Saudi Arabia first denied any role in the disappearance of Jamal Khashoggi (pictured) before blaming his October 2 death on a botched attempt to return him to the kingdom
A tough critic of the Saudi Crown Prince Mohammed bin Salman, Khashoggi, disappeared after he entered the Saudi consulate (pictured) in Istanbul on October 2 to collect a document for his upcoming marriage
Prince Ahmed bin Abdulaziz’s return to Riyadh comes after Saudi Arabia’s chief public prosecutor reportedly met members of Turkey’s intelligence agency overnight to discuss the investigation.
Attorney General Sheikh Saud al-Mojeb, who travelled to Istanbul this week, left his hotel on Tuesday evening, escorted by a convoy, and went to the regional head offices of the Turkish Intelligence Organisation (MIT), the private DHA news agency reported.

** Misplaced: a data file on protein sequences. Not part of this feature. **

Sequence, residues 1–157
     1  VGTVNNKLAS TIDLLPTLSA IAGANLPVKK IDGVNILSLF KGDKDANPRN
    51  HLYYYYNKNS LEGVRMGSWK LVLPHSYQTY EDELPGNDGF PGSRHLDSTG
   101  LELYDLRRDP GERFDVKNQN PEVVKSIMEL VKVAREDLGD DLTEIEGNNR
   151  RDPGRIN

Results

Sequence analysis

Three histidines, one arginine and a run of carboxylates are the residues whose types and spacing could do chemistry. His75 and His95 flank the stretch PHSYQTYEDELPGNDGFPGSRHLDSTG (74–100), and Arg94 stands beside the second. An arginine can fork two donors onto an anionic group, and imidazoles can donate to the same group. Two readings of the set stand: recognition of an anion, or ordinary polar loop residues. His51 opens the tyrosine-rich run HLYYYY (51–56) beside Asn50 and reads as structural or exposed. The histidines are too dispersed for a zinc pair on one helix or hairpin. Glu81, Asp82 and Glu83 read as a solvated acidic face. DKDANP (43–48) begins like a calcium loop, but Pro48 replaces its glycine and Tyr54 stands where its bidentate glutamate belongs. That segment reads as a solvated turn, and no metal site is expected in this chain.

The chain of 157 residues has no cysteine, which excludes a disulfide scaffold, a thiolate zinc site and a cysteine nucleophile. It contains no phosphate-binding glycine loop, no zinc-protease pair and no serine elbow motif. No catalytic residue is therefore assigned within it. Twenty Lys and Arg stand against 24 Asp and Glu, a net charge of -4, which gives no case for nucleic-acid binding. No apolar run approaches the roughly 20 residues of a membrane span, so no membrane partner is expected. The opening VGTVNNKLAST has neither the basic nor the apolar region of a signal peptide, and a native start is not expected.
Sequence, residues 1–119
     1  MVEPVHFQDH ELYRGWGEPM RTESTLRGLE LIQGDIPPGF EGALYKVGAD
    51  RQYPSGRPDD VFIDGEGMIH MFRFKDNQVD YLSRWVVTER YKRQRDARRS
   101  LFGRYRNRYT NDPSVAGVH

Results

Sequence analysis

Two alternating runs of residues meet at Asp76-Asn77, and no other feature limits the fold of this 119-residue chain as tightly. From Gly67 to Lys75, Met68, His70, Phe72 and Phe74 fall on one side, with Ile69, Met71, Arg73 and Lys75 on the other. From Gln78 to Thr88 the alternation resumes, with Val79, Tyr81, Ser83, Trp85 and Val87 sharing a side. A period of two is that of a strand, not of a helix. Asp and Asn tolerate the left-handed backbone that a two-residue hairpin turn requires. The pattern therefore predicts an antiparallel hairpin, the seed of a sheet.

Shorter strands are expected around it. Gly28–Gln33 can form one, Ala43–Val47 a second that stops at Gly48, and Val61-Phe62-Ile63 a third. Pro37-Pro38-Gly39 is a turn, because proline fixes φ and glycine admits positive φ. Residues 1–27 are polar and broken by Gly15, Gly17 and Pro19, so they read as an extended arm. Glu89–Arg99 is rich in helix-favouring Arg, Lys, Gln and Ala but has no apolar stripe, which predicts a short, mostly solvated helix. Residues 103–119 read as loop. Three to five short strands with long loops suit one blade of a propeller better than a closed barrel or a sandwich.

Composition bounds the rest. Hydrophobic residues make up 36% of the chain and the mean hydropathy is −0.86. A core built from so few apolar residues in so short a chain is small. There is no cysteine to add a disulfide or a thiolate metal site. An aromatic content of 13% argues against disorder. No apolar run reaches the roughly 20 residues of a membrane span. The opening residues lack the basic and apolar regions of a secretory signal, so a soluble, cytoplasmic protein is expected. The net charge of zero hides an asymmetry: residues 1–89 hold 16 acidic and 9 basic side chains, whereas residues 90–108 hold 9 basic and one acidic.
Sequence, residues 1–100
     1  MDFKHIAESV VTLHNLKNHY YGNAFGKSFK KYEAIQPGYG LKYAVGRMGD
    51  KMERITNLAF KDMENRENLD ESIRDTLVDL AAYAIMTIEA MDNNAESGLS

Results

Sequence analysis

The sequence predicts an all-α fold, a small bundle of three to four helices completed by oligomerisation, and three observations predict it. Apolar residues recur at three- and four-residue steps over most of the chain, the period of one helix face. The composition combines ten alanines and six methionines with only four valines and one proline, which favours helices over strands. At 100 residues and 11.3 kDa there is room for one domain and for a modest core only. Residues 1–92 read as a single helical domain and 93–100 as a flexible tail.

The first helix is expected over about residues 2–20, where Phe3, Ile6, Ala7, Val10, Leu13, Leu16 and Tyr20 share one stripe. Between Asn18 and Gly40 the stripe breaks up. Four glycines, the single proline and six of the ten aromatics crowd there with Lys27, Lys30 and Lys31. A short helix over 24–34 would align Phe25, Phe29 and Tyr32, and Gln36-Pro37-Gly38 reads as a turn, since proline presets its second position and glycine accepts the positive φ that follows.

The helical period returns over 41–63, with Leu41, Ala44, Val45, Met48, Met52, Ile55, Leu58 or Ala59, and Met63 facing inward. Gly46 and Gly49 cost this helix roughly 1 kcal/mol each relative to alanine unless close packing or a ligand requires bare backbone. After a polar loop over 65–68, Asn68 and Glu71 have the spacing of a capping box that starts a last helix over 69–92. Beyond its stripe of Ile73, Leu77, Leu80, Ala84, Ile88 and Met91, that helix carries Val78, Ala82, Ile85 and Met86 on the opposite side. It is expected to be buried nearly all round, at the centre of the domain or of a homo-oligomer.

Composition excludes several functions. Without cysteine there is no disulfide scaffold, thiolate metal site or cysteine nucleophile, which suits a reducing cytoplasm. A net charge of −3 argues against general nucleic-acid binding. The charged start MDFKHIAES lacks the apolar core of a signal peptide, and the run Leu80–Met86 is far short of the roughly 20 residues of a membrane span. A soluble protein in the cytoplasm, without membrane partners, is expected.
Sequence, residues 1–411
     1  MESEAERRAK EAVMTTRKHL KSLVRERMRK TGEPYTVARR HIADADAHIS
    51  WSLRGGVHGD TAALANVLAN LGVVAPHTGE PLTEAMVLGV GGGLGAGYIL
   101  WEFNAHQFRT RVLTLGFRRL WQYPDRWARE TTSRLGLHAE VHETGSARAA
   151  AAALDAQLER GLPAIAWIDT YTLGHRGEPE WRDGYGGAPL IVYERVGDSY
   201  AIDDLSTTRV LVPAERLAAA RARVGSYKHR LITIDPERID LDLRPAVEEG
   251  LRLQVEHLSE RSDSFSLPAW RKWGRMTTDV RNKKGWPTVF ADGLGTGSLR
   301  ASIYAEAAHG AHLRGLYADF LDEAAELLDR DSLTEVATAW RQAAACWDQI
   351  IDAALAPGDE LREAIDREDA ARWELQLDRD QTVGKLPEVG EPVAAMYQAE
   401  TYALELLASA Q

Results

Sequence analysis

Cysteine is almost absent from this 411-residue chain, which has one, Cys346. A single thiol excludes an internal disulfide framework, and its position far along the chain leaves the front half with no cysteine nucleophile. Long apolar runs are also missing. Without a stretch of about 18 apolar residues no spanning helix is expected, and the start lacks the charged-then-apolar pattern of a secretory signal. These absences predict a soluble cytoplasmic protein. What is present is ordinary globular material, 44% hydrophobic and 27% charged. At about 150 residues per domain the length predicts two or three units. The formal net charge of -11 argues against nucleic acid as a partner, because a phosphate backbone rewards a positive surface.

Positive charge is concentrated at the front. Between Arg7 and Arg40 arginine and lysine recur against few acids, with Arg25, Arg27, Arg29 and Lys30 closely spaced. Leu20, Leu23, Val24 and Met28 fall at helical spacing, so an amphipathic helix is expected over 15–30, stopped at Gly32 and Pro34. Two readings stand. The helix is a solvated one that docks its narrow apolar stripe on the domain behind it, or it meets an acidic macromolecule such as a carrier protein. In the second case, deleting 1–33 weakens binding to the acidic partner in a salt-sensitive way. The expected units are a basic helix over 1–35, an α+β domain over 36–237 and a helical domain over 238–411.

There was no immediate information on what was discussed.
After weeks of shifting official narratives, Saudi Arabia first said the journalist was killed by a ‘rogue operation’ and arrested 18 people allegedly connected to his death.
Mojeb was the first Saudi official to acknowledge that the killing was ‘premeditated’ based on the results of Turkey’s investigation.
He met with Istanbul chief prosecutor Irfan Fidan twice this week and visited the consulate – the scene of the murder – on Tuesday.
Turkish President Recep Tayyip Erdogan has repeatedly called on Riyadh to reveal the location of the body, as well as who ordered the hit.
Saudi Attorney General Sheikh Saud al-Mojeb was the first Saudi official to acknowledge that the killing was ‘premeditated’ based on the results of Turkey’s investigation